Why I shouldn’t be a disc jockey

COURTESY PHOTO

COURTESY PHOTO

Ben Ingall, Reporter

Hang on for a minute...we're trying to find some more stories you might like.


Email This Story






Music is often a reflection of who we are as people. In other words, if I listen to heavy metal I probably wouldn’t be in the best mood, and I if I listen to the song “Happy” by Pharrell Williams, well, you get the idea.

Over the course of high school, as my music tastes have changed, I too have changed as a person- a change I believe to be for the better.

As I look back at freshman year, I listened to a lot of Aloe Blacc and Passenger. They’re two artists who I would consider to be a little more on the hipster side of things, as they were relatively new names just becoming big in the music industry at the time. The way I see it, that’s very fitting considering it was my first year at Chelsea High School and everything was new; including my personality.

Sophomore year was a little more confusing, as my music ranged from Muse to Jimmy Eat World with the occasional Of Monsters and Men. A part of me was obviously still clinging to the hipster version of myself with Of Monsters and Men, but the combination of Muse and Jimmy Eat World shows my self-confliction, that everyone goes through at some point, about what kind of person I wanted to be.

Junior year. I’m now at a new school and I figure it’s time to become a new person. Therefore, I obviously resorted to rap music. NWA, Drake, E-40, Big Sean, Kanye, really anything to get my fix. It represents a time in my life when I was confused, hype, and felt like the world was for my taking; a rather natural feeling for the son of the new superintendent. But don’t worry, I’ve humbled down since then.

Now, in my final year I have, as you may have guessed, a new taste for melodies. At the beginning of the year, it was still rap. As the months went on, I changed to the Beatles. Then to classic rock, Bon Jovi, REO Speedwagon, Foreigner, you name it. Now, I’ve settled for a healthy mixture of Bee Gees and The Avett Brothers. My takeaway is that as senior has gone by, I’ve calmed down and brought myself back down to earth. It is my calm before the storm, the storm of course being college.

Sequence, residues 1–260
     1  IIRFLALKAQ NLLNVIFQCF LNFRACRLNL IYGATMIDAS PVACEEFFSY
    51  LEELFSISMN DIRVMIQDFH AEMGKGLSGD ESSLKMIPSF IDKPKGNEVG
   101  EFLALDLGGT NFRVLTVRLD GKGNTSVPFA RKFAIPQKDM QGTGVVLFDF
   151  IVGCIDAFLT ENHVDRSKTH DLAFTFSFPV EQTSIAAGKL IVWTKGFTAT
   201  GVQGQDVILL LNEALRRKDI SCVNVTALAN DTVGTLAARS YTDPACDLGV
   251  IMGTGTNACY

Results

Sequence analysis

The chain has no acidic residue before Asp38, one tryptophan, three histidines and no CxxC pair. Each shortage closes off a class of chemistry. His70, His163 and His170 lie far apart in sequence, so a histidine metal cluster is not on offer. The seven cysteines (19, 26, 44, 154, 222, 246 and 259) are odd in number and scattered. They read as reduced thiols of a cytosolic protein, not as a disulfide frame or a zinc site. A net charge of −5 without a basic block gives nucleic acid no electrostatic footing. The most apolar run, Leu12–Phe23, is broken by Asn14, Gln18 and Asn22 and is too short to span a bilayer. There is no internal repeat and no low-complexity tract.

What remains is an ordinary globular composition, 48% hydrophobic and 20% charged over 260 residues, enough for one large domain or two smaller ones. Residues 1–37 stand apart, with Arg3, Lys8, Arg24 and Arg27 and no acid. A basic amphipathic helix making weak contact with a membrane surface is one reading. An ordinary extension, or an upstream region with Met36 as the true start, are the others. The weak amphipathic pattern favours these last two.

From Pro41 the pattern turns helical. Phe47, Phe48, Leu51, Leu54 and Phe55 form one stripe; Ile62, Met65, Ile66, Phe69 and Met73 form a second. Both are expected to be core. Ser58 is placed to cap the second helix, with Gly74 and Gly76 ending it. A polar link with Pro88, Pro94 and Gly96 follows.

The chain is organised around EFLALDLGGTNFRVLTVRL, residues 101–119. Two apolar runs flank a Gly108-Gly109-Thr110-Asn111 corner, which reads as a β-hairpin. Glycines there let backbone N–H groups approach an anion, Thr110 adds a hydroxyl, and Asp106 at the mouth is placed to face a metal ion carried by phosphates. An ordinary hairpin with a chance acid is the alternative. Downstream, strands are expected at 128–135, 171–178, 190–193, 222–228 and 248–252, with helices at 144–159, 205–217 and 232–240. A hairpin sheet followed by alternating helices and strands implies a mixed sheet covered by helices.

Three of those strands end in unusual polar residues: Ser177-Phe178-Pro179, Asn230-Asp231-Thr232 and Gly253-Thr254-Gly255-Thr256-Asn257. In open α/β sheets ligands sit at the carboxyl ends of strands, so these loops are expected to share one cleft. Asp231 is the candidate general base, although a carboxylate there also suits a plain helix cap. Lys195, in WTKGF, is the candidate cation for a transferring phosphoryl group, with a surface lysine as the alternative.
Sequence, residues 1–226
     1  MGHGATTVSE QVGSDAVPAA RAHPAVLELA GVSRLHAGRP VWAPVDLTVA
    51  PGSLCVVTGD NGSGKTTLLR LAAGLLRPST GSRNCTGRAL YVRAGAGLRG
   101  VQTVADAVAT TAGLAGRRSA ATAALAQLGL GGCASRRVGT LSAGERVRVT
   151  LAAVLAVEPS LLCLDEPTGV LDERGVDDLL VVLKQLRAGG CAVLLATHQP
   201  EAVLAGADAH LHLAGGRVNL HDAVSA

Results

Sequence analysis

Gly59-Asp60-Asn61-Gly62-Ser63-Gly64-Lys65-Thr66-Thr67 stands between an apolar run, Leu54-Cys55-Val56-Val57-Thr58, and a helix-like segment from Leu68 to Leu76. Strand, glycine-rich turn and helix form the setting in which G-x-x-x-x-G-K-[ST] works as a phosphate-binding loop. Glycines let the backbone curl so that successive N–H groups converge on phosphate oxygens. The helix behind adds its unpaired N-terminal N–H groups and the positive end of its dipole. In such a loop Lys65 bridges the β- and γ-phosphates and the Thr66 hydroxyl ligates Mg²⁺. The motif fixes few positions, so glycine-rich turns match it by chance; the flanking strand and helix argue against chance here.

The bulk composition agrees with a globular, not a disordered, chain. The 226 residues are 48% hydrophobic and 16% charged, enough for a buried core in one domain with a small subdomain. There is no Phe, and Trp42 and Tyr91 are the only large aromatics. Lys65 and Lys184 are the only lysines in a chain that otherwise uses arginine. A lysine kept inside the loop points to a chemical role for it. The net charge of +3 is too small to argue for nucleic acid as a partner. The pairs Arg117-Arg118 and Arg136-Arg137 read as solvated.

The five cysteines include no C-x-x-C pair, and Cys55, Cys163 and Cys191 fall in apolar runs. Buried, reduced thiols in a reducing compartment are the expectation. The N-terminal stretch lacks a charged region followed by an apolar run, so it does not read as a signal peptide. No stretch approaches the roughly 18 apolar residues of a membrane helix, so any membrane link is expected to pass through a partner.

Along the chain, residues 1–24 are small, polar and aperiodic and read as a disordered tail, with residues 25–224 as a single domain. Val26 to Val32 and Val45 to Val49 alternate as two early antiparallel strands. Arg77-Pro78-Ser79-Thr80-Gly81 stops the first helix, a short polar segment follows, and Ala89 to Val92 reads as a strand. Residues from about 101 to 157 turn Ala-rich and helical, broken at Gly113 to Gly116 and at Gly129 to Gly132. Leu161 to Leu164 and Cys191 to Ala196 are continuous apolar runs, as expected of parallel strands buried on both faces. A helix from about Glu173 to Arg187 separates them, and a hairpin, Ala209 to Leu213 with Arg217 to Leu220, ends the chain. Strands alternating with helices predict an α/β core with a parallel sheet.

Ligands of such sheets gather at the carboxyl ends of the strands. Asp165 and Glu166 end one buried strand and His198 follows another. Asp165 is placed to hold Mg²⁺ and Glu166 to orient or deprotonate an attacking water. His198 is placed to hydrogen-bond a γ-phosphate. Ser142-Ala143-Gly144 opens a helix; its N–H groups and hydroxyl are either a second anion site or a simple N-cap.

Over my past four years I’ve recognized that change is inevitable. You switch schools, you make new friends, people become needy for more snow days and music taste changes. Inevitability just means that something good is going to come eventually.

And the good behind it all is that change brings out your true self, which I feel I am either close to finding, or am far from it. Either way, I’m excited for the future. Which, by my rapid variance in music, is not the future of a disc jockey.

Print Friendly, PDF & Email

Leave a Comment

If you want a picture to show with your comment, go get a gravatar.




Navigate Right
Navigate Left
  • Why I shouldn’t be a disc jockey

    Entertainment

    Diary of a Wimpy Kid movie surpasses already low expectations

  • Why I shouldn’t be a disc jockey

    Opinion

    Digging deeper

  • Why I shouldn’t be a disc jockey

    Opinion

    The blank canvas

  • Why I shouldn’t be a disc jockey

    Opinion

    I’m already home

  • Why I shouldn’t be a disc jockey

    Opinion

    Don’t look down

  • Why I shouldn’t be a disc jockey

    Opinion

    Stay petty

  • Why I shouldn’t be a disc jockey

    Opinion

    All done waiting

  • Why I shouldn’t be a disc jockey

    Opinion

    Older does not equal wiser

  • Why I shouldn’t be a disc jockey

    Briefs

    Logic’s “Everybody” tries hard to be enlightening but falls short of mediocre

  • Briefs

    Students learn to balance school with sports

The news site of Grand Haven High School, creating content for students, by students
Why I shouldn’t be a disc jockey